John Strang, Head of Addictions Department, King’s College London, UK: Value in scientific evaluation to check which advances deliver the most benefit. Poorly delivered treatments produce poor results. Danger that looking for cost-effectiveness comes at the expense of effectiveness. Not all people with addiction problems are the same. Need to realize their different healthcare needs. Even for the same individual, healthcare needs will change over time. Naloxone used for many years to reverse overdose. Recently realized this could be delivered intranasally.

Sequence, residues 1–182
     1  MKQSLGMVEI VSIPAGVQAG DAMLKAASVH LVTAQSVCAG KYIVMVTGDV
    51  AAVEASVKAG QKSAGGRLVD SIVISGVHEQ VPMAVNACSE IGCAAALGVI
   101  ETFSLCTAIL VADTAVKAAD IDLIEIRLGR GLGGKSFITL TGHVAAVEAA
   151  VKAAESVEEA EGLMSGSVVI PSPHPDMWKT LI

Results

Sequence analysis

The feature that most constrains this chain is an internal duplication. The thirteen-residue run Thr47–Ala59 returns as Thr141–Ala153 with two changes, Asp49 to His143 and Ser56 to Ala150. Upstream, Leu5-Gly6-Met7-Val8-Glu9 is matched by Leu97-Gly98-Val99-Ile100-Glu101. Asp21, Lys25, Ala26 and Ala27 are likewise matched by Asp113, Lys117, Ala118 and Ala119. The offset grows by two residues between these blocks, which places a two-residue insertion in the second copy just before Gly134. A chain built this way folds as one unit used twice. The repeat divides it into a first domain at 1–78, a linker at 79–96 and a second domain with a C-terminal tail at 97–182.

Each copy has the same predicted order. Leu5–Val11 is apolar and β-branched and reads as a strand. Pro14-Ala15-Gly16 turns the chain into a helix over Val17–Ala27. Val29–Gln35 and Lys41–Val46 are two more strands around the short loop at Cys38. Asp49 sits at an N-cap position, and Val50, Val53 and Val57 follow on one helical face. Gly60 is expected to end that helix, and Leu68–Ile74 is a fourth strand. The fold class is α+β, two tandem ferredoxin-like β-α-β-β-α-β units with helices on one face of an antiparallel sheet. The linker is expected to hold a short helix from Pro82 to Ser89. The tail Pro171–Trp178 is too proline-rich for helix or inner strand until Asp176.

Adam Bisaga, Professor of Psychiatry, Columbia University Medical Centre: International treatment standards development because most people with this disorder are not in treatment, and most that are in treatment are not in effective treatment, but are in treatment that could even be harmful. Such a document can be used as a call to action. Standards based on existing publications and contains a list of minimum standards that can be applied to all member states, as well as optimal standards for those that have more resources. First got together in December 2014 where we presented exiting standards, agreed on format, and created workgroups. Workgroups generated drafts in 2015 that were revised and sent back to workgroups by UNODC. In December 2015, discussed outstanding and controversial issues. Approved final draft in February 2016. Published and distributed at last CND. Resolution that called upon member states to initiate a systematic process for adopting these standards. Document is very simple. Talks about key principles, treatment modalities, special populations, and characteristics of effective treatment system. Effort undergoing to conduct field testing. Next step is to develop implementation package. Then will conduct a pilot trail and then a large implementation trial. Looking for member states to be active participants in this process.